3. Make use of unique features of each database
                                                                                      Submit search results     4. Use citation software to manage search results
3 – Conclusion
The literature search process for an integrative                                                                5. Start with larger yield databases; will help with formulating strategies in
                                                                                                                   specialty databases
review is apt to be more creative than that of a
systematic review.                                                                                              6. Establish clear communication/expectations/feedback from reviewers
                                                                                                                7. Document thinking as you go
                                      The Literature Search Process for an Integrative Review


Joanne Rich MLIS, Health Sciences Libraries, University of Washington, Seattle WA Contact: jrich@u.washington.edu
Amy L. Harper MLIS, Library Fellow, Health Sciences Libraries, University of Washington, Seattle WA
Elizabeth J. Bridges PhD, Assistant Professor, Biobehavioral Nursing, School of Nursing, University of Washington, Seattle, WA.


Objective: To describe the process of conducting a literature search for an integrative review (an evidence summary) of the reported
characteristics of patients encountered in the deployed military setting in order to create a list of competencies for nurses throughout
the US military.

Methods:The University of Washington Health Sciences Libraries serve an academic community of six health sciences schools
throughout a five state region. The librarians work as liaisons to specific departments/schools which often involves collaboration on
specific projects. One such project was to conduct a search of unclassified literature as part of a grant-funded integrative review.
Because of the special nature of the topic, we drew upon traditional and non-traditional resources from a variety of sources. We used
the services and resources of two different military libraries and their librarians. We searched bibliographic, report, and research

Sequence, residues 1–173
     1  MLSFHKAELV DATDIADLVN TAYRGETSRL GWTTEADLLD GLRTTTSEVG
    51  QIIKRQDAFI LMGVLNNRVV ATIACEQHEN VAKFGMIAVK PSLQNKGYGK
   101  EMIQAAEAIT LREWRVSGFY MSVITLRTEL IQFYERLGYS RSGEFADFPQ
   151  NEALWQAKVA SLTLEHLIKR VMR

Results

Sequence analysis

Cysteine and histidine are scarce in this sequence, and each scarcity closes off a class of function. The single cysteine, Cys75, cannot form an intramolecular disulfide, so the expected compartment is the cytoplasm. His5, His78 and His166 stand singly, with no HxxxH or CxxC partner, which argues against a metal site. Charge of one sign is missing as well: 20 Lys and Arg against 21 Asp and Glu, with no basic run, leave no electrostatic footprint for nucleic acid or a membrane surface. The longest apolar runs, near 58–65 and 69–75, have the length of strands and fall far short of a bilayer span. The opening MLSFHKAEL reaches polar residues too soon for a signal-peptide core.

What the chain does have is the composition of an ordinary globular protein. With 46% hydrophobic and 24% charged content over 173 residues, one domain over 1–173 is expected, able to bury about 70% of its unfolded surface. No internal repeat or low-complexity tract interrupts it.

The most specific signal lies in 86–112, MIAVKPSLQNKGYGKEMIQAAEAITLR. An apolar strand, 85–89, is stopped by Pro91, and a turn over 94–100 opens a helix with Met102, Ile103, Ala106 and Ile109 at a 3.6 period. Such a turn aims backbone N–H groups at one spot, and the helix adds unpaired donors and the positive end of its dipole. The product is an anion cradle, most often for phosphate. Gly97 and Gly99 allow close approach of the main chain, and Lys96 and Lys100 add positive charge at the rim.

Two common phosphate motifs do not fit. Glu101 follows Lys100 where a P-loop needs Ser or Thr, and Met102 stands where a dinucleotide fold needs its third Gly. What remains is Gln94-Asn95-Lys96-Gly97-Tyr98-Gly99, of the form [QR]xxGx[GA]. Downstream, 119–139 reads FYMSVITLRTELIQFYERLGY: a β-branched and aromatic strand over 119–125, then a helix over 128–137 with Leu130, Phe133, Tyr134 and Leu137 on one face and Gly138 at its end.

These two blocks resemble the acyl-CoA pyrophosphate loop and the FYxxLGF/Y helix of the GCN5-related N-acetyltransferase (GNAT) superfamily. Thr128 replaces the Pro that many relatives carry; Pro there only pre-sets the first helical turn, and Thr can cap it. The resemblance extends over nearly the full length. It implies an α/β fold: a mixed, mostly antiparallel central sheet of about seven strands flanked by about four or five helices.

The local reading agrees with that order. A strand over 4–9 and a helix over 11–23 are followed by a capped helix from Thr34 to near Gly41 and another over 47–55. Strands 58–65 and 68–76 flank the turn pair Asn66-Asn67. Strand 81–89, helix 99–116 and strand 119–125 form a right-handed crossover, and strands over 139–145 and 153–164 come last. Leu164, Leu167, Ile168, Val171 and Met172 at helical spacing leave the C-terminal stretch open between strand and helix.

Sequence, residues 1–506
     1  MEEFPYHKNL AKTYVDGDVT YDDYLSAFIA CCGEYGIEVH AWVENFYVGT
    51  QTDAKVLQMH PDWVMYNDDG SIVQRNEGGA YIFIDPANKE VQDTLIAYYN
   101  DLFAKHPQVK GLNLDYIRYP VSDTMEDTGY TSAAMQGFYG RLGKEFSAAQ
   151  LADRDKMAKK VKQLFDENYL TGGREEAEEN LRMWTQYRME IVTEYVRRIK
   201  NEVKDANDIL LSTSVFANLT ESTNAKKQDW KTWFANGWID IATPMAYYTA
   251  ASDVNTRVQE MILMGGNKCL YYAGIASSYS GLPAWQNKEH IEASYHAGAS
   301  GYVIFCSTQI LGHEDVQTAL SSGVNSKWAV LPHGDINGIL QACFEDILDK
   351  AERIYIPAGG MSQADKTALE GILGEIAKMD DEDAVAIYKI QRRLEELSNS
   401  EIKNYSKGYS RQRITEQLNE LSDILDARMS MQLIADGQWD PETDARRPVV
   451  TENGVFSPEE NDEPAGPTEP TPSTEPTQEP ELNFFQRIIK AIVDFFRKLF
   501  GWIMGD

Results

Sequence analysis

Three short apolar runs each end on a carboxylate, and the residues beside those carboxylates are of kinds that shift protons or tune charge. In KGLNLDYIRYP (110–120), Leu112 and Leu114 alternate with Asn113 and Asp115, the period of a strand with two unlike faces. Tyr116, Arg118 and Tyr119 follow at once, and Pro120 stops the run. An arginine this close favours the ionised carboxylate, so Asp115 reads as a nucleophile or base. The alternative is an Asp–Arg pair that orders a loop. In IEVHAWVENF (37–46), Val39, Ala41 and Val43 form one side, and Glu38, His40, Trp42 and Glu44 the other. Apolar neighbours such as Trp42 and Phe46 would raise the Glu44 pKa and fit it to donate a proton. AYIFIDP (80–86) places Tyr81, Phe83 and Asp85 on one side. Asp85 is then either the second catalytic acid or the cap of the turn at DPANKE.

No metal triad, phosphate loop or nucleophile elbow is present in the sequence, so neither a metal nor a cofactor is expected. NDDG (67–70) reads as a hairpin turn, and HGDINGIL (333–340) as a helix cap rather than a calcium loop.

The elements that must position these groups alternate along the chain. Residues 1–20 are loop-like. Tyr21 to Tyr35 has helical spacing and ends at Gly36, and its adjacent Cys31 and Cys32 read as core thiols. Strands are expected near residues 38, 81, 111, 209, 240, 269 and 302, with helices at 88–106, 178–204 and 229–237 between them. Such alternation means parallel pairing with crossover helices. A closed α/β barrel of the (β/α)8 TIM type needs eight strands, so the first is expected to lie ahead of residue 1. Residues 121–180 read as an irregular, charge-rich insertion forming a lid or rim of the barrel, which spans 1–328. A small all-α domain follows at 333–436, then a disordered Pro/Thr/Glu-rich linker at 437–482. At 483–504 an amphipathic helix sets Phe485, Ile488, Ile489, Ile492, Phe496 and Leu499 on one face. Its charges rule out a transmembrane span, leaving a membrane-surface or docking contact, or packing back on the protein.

databases and websites covering biomedical, nursing, psychological, military, and governmental scopes. We used the bibliography of
the grant proposal to identify the main concepts and initial subject heading terms when possible. For bibliographic database searching,
search results were tested against the 'gold standard' of the proposal's bibliography. The literature search process also involved hand
searching, citation tracking, and informal networking.

Results and Conclusions:
The literature search process turned out to be a very creative process. The topic called for use of a broad range of databases, both
general and specialized, offering varying levels of controlled vocabularies and varieties of terms to address the topic. After initial
search results were obtained, better search strategies were created based on breaking sample results into 'useful' and 'not so useful' sets
of citations that could be mined for additional search terms to include or to exclude. Sample useful citations from earlier databases
were identified in subsequent databases to provide another source of search terms for inclusion. Military specific journals, such as
Military Medicine, were hand searched for articles that either described the characteristics or care requirements of the target
population. Validation of the completeness of the dataset was ascertained using citation tracking from seminal articles identified by
the study PI.